Rolling around town in a little yellow school bus, listening to a historian spout factoids about the founding of the Brewery Blocks (in 1856 by Henry Weinhard) seems a sobering experience. The intrepid handful of beer hounds gaze out the windows as the old charter clatters over the Fremont Bridge (America's longest tied-arch bridge).
We are thirsty, and not just for knowledge. Luckily, beer can be the best teaching aid.
About once a month, tour leader Jim Long gathers thirsty troops and sets off on the Brew Bus tour. For the past nine years, the local author and historian has led five-hour junkets to breweries on the bus he says is his "College of Brew Knowledge."
This month's tour is made up of an intimate brood of seven people, and our trip delivers a high-quality beer buzz without the puke-in-the-gutter pub-crawl mentality.
"Do we need a slop bucket?" one woman asks as the server brings a sixth pitcher of Portland Brewing suds to the table at the Northwest Portland ale house. "Where I come from that's called beer abuse," a second tour member chimes in.
Back on the bus, after an hour of oversized "tastings," Long launches into a dissertation on yeast and hops, beer's building blocks. "Beer only has three enemies," he lectures as the bus charges toward Northeast Portland and Widmer Brothers Brewing Company. "Air, heat and Mormons." A stout guy in the front bench seat can't stop laughing.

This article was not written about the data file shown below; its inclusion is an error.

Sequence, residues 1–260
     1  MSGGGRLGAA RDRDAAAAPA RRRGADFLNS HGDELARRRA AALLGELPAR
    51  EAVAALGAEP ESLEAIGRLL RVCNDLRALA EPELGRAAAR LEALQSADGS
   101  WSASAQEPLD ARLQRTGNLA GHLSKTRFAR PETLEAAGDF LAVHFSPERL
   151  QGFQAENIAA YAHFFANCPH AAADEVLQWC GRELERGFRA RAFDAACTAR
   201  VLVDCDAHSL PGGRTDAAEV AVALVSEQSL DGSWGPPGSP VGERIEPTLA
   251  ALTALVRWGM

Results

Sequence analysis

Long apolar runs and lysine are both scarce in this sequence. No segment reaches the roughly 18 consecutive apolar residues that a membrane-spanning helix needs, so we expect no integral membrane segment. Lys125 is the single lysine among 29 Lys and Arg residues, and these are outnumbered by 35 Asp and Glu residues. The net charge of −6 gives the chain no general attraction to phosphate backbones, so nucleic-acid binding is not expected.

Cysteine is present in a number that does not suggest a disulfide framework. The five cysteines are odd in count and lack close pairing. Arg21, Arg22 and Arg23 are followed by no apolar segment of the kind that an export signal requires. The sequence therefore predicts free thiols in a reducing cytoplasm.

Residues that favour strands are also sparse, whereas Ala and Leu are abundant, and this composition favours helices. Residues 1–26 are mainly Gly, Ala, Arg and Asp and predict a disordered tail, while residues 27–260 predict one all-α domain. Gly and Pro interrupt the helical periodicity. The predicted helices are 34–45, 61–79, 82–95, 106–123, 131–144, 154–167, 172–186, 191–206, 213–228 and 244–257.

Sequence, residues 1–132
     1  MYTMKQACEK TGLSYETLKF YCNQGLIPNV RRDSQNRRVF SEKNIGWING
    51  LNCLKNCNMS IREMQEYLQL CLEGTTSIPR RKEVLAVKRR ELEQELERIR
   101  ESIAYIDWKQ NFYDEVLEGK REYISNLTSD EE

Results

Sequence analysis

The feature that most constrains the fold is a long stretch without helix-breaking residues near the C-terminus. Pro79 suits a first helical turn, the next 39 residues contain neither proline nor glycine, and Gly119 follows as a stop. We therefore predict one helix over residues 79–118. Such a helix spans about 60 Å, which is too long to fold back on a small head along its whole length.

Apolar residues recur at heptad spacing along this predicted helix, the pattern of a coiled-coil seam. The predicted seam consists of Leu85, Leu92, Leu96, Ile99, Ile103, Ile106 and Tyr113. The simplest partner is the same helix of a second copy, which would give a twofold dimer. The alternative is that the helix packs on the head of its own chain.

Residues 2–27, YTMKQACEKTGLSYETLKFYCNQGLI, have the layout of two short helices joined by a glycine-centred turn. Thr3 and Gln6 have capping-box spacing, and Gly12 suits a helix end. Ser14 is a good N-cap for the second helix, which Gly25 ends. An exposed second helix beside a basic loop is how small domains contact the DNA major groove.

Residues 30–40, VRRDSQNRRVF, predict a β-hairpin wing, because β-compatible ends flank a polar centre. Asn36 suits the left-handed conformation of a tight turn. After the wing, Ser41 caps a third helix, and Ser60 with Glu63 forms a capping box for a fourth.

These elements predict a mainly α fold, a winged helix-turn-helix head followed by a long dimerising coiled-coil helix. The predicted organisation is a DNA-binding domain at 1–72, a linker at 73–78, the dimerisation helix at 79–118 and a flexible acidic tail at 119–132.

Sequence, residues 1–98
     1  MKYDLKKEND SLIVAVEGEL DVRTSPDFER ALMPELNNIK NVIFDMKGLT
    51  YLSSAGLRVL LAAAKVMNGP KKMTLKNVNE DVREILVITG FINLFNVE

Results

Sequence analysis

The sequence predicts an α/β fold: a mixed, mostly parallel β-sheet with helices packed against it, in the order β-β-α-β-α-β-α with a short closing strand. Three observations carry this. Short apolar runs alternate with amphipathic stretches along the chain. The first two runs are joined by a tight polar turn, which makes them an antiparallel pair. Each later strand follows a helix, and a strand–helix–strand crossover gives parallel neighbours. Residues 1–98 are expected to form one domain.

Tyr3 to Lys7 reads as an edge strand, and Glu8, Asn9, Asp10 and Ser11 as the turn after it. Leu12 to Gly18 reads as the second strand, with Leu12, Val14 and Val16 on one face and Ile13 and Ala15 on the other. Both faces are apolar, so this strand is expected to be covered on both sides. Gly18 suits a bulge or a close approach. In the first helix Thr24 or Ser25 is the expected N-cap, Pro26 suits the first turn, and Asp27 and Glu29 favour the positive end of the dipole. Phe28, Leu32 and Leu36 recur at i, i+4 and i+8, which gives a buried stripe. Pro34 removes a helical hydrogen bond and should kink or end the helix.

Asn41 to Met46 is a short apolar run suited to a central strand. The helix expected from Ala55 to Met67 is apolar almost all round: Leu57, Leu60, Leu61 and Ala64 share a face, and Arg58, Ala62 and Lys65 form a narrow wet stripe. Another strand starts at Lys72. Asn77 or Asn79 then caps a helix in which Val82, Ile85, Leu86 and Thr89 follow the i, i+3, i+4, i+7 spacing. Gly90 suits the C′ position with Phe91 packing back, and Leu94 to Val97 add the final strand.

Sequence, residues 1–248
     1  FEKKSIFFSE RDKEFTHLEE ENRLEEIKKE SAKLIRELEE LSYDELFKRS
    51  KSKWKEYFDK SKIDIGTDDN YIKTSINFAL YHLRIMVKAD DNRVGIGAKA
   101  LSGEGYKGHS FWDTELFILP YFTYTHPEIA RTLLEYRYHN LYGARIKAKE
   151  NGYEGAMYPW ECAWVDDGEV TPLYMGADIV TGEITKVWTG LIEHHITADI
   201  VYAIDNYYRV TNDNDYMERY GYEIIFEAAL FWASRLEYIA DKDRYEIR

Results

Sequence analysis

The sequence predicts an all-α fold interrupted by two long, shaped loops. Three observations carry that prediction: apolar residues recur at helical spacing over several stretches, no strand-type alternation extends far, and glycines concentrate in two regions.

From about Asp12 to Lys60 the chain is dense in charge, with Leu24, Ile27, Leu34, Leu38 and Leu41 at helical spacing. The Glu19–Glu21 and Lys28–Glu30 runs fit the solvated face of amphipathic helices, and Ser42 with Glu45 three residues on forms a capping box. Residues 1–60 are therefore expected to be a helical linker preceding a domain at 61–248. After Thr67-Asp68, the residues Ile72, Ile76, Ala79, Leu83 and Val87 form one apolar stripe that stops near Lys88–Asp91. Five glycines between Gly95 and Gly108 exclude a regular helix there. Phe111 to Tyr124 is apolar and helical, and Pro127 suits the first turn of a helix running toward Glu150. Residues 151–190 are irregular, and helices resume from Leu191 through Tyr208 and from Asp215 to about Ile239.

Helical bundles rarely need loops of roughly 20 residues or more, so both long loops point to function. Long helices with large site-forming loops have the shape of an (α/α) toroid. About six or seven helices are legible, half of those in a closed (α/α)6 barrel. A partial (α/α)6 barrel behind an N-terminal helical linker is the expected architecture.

But it's in the tasting room at Widmer's that our real history lesson begins: Volunteer guide Robert Luehrs lets us in on the secret that Jesus might have turned water into beer, not wine. (The Aramaic word used to describe Jesus' magic trick in the Good Book translates to "strong drink," not vino, he claims.)
When Luehrs hands out some hops, one of beer's main flavor agents, a pale, delicate woman grabs a handful of the fragrant pods and inhales deeply. Luehrs mentions that hops are related to cannabis.
Our bus catches air on a giant freeway pothole en route to Southwest Portland's Tuck's Brewery. By now, Long and his fastidious school-book lecture style are both trashed as he leads us in a singalong of "Don't Worry, Be Hoppy."
We need another drink before reality catches up with us. Tuck's brewmaster Max Tieger pours frothy tasters of his smooth Oatmeal Cream Stout. Striding through the door, here comes Luehrs, who has decided to catch the tour's last stop. A collective boozy cheer is raised.
As the Brew Bus rolls back to town, we realize that the tour's real lesson lies in introducing locals to Portland's slightly sodden brewers' community. That's worth another round, isn't it?